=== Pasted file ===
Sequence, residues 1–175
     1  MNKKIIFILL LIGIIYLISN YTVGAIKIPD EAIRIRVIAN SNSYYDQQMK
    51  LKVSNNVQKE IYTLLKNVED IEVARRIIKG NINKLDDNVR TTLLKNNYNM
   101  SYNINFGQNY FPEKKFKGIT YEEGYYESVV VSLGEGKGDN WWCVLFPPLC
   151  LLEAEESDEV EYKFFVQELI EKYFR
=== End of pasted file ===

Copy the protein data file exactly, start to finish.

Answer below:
Sequence, residues 1–175
     1  MNKKIIFILL LIGIIYLISN YTVGAIKIPD EAIRIRVIAN SNSYYDQQMK
    51  LKVSNNVQKE IYTLLKNVED IEVARRIIKG NINKLDDNVR TTLLKNNYNM
   101  SYNINFGQNY FPEKKFKGIT YEEGYYESVV VSLGEGKGDN WWCVLFPPLC
   151  LLEAEESDEV EYKFFVQELI EKYFR